Ethical breaches in accountability within UK museums have put the industry at risk for losing the public trust. Museum leaders in Britain continue to work towards fiscal and ethical transparency, and respond to stakeholder demands for greater accountability. This paper reports on the findings from current original research that investigates accountability policies and internal controls in UK museums of varied types and sizes. Data concerning the actual implementation of accountability measures, and information about museum professionals’ points of view on their accountability responsibilities can enable museum regulators, advocates, and professional development groups to better assist museums. Policies and procedures, including evaluating board member conflicts of interest, establishing a code of ethics, and conducting financial audits, are recommended to prevent abuse of power delegated by stakeholders.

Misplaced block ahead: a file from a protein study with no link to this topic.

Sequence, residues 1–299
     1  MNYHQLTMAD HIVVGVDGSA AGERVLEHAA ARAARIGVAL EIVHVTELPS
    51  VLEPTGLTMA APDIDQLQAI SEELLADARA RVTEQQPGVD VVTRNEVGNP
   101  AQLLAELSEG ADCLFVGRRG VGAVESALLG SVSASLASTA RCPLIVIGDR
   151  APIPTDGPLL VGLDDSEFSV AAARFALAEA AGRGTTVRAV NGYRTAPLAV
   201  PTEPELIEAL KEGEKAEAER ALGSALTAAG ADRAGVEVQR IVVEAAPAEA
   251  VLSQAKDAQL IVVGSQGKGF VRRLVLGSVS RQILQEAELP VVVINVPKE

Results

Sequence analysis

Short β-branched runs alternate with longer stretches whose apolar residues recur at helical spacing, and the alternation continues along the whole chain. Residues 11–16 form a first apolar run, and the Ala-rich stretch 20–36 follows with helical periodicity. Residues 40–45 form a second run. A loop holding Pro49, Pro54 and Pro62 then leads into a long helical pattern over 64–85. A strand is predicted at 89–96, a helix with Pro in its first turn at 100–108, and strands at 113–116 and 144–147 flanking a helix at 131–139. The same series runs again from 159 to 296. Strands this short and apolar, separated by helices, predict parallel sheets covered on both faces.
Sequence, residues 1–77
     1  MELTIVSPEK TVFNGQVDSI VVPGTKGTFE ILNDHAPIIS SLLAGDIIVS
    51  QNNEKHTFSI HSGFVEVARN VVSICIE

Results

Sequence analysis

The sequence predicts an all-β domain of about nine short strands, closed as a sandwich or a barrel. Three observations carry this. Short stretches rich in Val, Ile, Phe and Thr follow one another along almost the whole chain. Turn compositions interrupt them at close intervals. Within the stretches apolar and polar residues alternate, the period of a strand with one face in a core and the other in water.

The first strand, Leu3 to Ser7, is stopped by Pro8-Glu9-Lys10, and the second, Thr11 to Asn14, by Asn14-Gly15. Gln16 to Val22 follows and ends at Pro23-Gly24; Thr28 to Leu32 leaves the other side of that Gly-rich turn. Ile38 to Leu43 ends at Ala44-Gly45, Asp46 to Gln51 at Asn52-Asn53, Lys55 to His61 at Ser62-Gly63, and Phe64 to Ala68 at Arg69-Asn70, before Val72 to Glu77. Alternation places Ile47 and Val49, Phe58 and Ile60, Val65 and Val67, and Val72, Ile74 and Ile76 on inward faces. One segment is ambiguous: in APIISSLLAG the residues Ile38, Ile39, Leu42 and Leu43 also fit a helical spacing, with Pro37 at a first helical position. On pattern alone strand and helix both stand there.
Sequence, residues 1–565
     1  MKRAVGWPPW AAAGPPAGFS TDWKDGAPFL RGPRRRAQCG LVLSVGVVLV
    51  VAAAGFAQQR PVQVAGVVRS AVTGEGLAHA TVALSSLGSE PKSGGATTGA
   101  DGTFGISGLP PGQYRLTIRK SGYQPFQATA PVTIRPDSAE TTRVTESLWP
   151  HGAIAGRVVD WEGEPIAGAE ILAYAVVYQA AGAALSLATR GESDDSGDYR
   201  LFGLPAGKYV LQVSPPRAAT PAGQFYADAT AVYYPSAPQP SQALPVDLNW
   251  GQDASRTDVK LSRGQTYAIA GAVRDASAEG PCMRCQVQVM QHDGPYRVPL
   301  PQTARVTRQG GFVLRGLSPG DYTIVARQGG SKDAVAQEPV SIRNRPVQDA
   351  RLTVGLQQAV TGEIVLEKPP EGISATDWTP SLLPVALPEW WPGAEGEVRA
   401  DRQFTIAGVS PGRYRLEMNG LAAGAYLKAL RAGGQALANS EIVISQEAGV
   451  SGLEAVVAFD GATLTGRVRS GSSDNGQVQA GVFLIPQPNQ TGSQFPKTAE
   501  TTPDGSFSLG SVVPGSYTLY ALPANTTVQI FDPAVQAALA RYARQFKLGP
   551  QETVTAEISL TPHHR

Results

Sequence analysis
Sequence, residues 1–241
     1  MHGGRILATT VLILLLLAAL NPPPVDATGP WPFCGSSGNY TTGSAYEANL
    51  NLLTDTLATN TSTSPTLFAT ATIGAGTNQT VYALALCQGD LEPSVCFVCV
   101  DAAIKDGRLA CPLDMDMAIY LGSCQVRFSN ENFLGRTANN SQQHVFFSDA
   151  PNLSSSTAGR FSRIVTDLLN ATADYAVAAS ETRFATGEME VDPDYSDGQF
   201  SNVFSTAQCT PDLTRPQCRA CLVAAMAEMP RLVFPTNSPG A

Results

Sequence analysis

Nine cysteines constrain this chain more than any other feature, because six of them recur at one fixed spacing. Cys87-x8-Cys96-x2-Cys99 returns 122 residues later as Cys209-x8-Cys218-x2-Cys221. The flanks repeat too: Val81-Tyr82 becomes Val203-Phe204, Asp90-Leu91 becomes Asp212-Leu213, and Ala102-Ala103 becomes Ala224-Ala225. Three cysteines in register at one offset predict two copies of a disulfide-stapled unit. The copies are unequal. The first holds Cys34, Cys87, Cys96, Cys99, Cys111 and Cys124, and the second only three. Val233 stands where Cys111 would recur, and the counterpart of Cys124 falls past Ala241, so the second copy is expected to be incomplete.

|Keywords:||Ethics, Public Trust, Governance, Accountability|
Detroit Institute of Arts, Detroit, USA
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